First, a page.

The contention that people are likely to be better informed if they have access to more news is at first sight self-evident. But one of the ironies of the modern age of mass communication is that being bombarded with information from different sources around the clock can make it harder to know what to believe; particularly in an era of so-called fake news when sometimes it is difficult to distinguish between fabrication and the truth. The growing incidence of official propaganda and disinformation also leads to a lack of trust in the pronouncements of governments which all too often will anyway seek to ‘spin’ the facts in their own favour.
A demonstration of all this is the plethora of conflicting information about the latest crisis in Syria involving accusations of the use of chemical weapons by the Assad government, with Russian connivance, against its own people in Douma, a suburb of Damascus.
Despite the initial international condemnation, it seems responsibility for this atrocity, which has resulted in widespread death and destruction, has still not been fully determined, not least because of speculation that the Syrian rebels may have secured limited access to chemical weapons acquired through ISIS. British Prime Minister Theresa May has described it as a barbaric act and said initially that before joining with the US and France in any bombing campaign in Syria – a military action that might anyway require parliamentary approval - Britain would need more evidence of Assad’s culpability. Most recently, however, she has said the indications are the Syrian regime was responsible and must be held to account.
The use of chemical weapons in warfare is regarded as particularly repugnant and has long been banned under international law. President Trump has declared Western nations must respond on humanitarian grounds to the suffering inflicted on civilians including children through retaliatory punitive action against the perpetrators. But the full facts may never be verified because Russia, while denying its own complicity, has vetoed a United Nations Security Council resolution to create an expert body to determine responsibility.
Nevertheless, in order to preserve the existing rules-based international order there is a general acceptance that those who flout international law should not be allowed to escape without some form of sanction so that, if the allegations against Assad are confirmed, action by the West is vital because the use of chemical weapons cannot go unchallenged.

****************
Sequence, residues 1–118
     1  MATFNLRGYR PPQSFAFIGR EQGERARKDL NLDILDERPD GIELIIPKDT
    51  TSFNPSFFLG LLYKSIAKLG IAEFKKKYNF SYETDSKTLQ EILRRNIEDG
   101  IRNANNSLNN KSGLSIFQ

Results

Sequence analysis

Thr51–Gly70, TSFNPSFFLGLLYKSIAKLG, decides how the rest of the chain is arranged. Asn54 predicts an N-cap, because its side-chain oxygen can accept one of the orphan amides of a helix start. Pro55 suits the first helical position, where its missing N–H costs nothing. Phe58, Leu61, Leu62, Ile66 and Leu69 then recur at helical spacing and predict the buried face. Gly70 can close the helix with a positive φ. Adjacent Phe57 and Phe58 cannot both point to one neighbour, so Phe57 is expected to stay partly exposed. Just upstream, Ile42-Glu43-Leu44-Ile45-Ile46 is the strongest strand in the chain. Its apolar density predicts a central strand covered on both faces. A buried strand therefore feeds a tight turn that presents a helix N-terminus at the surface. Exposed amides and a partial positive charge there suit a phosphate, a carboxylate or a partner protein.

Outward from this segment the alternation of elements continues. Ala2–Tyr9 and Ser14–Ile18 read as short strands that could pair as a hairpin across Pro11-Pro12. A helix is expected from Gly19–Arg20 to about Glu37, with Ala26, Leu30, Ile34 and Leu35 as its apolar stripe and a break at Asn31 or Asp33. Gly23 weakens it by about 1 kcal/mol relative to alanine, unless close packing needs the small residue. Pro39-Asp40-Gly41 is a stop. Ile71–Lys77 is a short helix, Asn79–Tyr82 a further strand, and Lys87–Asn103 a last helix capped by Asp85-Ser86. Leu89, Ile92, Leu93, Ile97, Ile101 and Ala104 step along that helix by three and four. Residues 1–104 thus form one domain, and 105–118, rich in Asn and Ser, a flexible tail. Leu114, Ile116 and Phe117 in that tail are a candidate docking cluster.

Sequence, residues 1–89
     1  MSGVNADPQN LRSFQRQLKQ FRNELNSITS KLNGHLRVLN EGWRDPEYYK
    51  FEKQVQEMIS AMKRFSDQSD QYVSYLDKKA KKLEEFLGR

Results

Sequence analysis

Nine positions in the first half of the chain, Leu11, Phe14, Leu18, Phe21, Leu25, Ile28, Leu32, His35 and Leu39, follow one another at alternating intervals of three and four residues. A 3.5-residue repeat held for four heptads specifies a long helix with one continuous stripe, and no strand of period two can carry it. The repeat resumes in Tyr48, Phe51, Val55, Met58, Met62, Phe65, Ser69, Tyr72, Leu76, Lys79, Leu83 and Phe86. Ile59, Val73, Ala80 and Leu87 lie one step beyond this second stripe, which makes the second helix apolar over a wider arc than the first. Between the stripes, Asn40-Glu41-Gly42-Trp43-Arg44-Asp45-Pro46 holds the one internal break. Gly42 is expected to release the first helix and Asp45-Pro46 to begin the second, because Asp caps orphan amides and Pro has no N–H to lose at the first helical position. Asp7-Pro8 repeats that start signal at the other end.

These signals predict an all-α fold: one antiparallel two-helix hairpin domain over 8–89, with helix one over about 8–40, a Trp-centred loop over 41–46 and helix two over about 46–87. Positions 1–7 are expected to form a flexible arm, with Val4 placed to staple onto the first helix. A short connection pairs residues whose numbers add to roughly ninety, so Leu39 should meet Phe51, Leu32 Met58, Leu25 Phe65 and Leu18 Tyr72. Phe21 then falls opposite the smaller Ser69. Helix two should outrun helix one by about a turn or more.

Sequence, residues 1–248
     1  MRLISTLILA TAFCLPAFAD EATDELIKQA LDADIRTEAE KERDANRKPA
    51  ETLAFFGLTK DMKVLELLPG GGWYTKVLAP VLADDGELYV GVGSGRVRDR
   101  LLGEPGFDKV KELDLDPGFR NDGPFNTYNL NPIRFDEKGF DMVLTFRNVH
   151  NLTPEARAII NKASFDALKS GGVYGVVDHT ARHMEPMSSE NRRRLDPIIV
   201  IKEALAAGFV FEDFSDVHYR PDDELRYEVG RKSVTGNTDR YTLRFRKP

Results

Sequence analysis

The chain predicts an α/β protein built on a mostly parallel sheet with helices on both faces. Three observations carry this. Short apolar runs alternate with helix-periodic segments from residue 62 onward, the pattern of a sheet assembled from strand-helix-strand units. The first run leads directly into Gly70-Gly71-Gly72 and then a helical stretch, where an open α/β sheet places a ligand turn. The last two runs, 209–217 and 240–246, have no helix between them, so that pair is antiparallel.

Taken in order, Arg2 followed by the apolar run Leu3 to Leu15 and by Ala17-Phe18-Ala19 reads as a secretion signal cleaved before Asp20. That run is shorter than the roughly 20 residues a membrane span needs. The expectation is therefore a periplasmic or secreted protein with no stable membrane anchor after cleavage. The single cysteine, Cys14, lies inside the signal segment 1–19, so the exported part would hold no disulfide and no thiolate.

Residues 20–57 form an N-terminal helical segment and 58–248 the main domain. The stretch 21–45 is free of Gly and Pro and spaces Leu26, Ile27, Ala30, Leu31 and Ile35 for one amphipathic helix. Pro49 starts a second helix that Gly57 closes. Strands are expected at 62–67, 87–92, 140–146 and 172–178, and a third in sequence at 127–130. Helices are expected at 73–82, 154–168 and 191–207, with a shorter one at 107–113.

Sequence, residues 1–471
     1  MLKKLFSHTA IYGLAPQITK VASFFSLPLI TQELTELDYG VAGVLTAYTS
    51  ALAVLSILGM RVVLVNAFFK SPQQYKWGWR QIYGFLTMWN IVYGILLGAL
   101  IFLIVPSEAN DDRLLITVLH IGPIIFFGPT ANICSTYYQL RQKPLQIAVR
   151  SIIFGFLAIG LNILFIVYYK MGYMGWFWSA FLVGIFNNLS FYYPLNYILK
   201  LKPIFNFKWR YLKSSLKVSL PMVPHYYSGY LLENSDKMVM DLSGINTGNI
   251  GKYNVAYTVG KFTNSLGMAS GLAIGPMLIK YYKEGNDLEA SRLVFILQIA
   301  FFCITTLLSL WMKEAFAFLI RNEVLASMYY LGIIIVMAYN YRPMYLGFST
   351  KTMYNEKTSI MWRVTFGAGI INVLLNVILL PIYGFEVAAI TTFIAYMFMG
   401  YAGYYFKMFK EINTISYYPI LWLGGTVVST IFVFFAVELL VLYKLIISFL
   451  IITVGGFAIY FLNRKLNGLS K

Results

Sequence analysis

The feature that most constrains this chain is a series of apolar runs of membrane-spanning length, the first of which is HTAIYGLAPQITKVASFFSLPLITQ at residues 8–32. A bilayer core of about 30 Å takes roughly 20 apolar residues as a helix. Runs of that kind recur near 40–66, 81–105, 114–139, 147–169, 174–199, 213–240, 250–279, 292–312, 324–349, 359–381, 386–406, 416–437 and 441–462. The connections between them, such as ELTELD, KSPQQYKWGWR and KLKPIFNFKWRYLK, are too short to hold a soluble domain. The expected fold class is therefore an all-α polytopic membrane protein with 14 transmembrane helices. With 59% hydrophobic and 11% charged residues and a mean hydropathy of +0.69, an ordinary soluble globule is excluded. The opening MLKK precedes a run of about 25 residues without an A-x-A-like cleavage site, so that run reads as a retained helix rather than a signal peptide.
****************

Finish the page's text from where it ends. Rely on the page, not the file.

On the last occasion, a year ago, that Syria was condemned for its use of chemical weapons, the US responded with limited missile strikes on military airfields. This time, Mr Trump has reacted even more forcefully. But many observers disapprove of his hot-headed and ill-advised tweets in tough and emotive language accusing Russia of involvement and threatening retaliatory airstrikes. Russia’s support of the Assad regime, which it sees as a lawful government fighting against international terrorism, means it retains its own forces and other assets within Syria and the Kremlin has vowed to shoot down US missiles and target the sites launching them.
Mr Trump’s peremptory language instead of a carefully worded statement arising from proper consideration of the issue with his advisers is truly terrifying for the rest of the world. His actions are causing serious concern to the extent the international press is carrying headlines like ‘the world is on the brink of war’ – and the fear is that, with Iran and, to a lesser extent, Turkey also involved, there is the danger in such a charged atmosphere of miscalculation by either side which could lead to disaster. Some have found it encouraging that during the last two days he seems to have softened his stance and it now seems negotiations are going ahead while tensions continue. Nonetheless, airstrikes against Syrian military targets now seem inevitable.
While the media is obsessed with Syria, a significant development in world politics that has received less publicity is the re-election of the populist right-wing prime minister of Hungary for a third term. Viktor Orban is renowned for challenging the European Union’s agenda especially its policy on compulsory refugee quotas for all member states, but he is also against further political integration and wants to reform the EU from within.
As he seeks to rally other European countries like Poland, Austria and the Czech Republic in support of his goal, ‘euroscepticism’ is on the rise also in Italy and the Netherlands as well as Germany itself with the right-wing Alternative for Germany (AfD) now the third largest party. Thus, with Britain already on course to leave the EU at the end of March next year, the future of the bloc is beginning to look increasingly uncertain.
Yet again, while we enjoy the peace and security of our lives this side of the Atlantic, we can only watch with a mix of awe, horror and trepidation the terrible events in the Middle East including the real threat they could precipitate a wider conflagration that will affect us all. We can only hope that, as the US President mulls over the options presented to him by his officials and consults with his British and French allies, wise heads will prevail and that conflict on a wider scale can be avoided.